Référence bibliographique 
Meyer, Jess M. 2019. «(Not) Working to Sleep: Employment’s Contribution to Gender and Socioeconomic Sleep Differences». Thèse de doctorat, Evanston (Ilinois), Northwestern University, Département de sociologie.
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This thesis by articles analyses «sleep in a series of specific social contexts to examine how these contexts shape gender and socioeconomic differences in sleep. [Author pays] particular attention to variation in employment and employment policy contexts. [The] first empirical chapter [tests] whether gender differences in parents’ sleep narrowed after a change in macro-level employment policy—specifically, after introduction of dedicated paternity leave in the Canadian province of Quebec.» (p. 3) Seul cet article fera l’objet de cette fiche.
The first hypothesis supposes that «QPIP [Quebec Parental Insurance Plan] implementation [is] associated with a narrowing of the gender gap in sleep duration between mothers and fathers of young children.» (p. 42) The second hypothesis predicts that «QPIP implementation [is] associated with decreased gender differences between mothers and fathers in the probability of interrupting sleep to provide child care.» (p. 43)
«This analysis uses data from the Public Use Microdata Files of Cycles 19 and 24 of the Statistics Canada General Social Survey (GSS), collected in 2005 and 2010, respectively.» (p. 45) The «primary sample includes 2,986 mothers and 2,414 fathers. [It] includes 80 fathers and 99 mothers who were likely eligible for QPIP, as they lived in Quebec in 2010. In supplementary analysis of parents living with children zero-to-two years old, I include an additional wave of GSS data from 2015, raising the number of eligible parents to 146 fathers and 167 mothers.» (p. 46-47)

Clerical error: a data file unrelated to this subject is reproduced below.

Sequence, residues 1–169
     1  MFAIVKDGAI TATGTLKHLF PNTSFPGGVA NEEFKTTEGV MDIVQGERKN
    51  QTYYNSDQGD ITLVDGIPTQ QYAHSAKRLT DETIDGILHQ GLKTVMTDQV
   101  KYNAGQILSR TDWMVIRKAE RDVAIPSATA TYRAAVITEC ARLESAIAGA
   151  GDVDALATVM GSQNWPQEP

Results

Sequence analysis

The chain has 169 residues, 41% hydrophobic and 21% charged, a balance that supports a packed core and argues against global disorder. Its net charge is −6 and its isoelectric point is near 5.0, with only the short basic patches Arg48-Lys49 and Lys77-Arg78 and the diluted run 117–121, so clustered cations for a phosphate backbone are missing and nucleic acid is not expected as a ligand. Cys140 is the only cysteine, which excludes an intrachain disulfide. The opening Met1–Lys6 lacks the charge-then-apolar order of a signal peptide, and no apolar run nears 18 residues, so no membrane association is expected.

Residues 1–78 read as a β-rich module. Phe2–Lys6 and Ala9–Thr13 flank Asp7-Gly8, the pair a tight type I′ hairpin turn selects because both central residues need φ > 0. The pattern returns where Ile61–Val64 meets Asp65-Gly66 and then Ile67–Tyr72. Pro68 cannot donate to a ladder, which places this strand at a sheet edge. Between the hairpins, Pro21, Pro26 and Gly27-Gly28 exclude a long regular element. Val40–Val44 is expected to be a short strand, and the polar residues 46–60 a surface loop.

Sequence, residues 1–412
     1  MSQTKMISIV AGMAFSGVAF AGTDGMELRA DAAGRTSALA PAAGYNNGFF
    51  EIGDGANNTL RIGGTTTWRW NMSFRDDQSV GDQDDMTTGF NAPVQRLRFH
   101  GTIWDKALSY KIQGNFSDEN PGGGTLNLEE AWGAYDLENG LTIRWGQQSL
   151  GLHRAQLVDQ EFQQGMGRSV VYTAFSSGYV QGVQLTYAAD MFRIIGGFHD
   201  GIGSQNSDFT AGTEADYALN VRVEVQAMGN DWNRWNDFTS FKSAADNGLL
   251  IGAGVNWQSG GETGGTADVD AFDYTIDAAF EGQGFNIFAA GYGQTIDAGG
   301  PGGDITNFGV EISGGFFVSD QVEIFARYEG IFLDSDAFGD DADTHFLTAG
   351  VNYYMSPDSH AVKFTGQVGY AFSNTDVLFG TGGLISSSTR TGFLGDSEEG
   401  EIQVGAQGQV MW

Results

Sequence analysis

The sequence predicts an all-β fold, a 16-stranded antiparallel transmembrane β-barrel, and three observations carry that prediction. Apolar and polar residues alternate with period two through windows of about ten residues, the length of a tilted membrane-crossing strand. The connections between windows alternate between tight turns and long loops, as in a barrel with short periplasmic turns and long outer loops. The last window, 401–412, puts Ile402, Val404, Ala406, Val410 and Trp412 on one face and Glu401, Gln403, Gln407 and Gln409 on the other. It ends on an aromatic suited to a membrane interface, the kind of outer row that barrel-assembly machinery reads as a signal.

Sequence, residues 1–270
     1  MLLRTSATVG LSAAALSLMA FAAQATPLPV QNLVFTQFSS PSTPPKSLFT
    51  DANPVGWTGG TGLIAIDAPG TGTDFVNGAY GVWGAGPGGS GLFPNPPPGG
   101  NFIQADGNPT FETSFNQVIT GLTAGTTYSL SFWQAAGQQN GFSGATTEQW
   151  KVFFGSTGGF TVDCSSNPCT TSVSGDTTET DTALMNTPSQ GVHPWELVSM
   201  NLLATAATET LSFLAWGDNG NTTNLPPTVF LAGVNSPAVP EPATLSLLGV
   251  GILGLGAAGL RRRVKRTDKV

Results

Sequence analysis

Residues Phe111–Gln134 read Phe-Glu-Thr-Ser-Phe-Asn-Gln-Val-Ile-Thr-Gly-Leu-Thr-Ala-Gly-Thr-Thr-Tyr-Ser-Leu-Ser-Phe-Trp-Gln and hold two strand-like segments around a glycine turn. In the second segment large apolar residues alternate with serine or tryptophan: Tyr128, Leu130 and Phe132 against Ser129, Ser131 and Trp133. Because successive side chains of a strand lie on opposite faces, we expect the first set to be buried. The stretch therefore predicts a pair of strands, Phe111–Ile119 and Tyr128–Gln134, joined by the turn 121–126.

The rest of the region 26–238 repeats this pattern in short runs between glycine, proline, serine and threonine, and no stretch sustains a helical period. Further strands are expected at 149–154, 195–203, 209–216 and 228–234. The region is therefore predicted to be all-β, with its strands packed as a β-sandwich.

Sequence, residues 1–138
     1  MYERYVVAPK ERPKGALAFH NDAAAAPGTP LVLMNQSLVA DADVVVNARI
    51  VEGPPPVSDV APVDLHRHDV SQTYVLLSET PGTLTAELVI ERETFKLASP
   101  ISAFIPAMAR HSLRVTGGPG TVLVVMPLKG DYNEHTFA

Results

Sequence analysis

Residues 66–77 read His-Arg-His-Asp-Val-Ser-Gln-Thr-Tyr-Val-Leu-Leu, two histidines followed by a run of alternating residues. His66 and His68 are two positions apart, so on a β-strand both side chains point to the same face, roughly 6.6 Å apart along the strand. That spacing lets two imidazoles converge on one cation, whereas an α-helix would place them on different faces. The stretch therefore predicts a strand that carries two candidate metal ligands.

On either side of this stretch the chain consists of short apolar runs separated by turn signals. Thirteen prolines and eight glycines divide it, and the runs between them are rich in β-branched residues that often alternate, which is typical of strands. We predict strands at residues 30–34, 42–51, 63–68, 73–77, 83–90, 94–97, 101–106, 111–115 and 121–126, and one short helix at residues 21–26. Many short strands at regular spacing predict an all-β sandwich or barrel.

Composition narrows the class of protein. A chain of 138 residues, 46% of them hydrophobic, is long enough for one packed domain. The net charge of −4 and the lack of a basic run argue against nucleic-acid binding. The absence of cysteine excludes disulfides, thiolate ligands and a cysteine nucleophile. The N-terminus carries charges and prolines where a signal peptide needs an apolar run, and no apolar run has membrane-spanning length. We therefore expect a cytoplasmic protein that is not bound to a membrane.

Type de traitement des données :
«Consistent with [the] first hypothesis, after implementation of the Quebec Parental Insurance Plan, fathers spent more time sleeping, reducing the gender gap in sleep duration. Results suggest that a reduction in fathers’ employment hours might explain a portion of QPIP’s positive association with fathers’ sleep duration, which would align with the idea that compositional differences contribute to gender variation in sleep duration. An increase in fathers’ sleep duration might help explain findings connecting paternity leave use with better health outcomes [...]. In contrast, gender differences in sleep interruption did not narrow under QPIP. This could be related to the fact that even after QPIP introduction, women take substantially longer parental leaves than men do—on average, around 40 weeks longer [...]. Additionally, mothers of young children worked fewer hours than fathers, even after QPIP implementation. Still, [the] results raise the possibility that gender differences in sleep interruption expanded after QPIP implementation (including in models that control for employment hours), supporting the idea that compositional differences have less explanatory power for gender differences in sleep interruption than sleep duration.» (p. 58-59)